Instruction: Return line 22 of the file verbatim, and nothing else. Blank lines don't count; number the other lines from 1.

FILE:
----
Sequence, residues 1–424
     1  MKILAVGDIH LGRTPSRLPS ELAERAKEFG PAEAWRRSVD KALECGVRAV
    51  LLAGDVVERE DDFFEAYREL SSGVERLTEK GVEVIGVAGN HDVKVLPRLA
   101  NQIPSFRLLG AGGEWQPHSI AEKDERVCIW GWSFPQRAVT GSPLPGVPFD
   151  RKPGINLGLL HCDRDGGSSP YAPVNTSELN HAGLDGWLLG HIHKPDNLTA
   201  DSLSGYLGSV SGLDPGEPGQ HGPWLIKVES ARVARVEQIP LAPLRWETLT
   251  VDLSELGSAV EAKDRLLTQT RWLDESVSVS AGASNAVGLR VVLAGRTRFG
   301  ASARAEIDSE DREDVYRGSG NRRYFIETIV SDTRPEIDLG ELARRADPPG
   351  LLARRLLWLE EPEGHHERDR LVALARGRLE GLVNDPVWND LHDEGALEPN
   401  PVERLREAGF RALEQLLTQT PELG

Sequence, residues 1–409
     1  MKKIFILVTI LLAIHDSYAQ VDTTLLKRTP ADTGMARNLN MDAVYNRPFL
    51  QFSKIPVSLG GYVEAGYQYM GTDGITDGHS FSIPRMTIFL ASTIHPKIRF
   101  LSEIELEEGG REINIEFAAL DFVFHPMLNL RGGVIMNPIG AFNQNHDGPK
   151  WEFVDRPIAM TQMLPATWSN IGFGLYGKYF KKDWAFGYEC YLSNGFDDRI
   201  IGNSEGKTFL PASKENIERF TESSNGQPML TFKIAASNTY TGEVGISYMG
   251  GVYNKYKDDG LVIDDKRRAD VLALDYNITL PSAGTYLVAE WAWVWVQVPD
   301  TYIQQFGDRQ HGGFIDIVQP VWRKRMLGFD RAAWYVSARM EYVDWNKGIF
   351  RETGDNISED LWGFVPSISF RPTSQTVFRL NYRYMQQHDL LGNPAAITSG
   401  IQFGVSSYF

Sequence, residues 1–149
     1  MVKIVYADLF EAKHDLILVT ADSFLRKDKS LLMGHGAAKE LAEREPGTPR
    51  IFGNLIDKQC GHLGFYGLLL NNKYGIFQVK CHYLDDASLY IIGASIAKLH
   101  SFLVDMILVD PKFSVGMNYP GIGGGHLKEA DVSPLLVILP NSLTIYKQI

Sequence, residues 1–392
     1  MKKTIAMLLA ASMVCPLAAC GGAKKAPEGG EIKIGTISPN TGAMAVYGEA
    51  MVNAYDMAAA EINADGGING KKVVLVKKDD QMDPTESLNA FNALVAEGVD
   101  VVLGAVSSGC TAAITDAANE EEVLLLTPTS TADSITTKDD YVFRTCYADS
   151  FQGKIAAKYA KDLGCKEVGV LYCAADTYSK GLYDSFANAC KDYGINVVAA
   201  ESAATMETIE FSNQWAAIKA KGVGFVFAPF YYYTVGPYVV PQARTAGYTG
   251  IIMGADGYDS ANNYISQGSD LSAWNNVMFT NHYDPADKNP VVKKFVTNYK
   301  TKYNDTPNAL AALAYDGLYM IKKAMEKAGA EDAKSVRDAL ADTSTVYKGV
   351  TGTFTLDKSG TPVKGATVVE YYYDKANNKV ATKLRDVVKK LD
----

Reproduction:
     1  MVKIVYADLF EAKHDLILVT ADSFLRKDKS LLMGHGAAKE LAEREPGTPR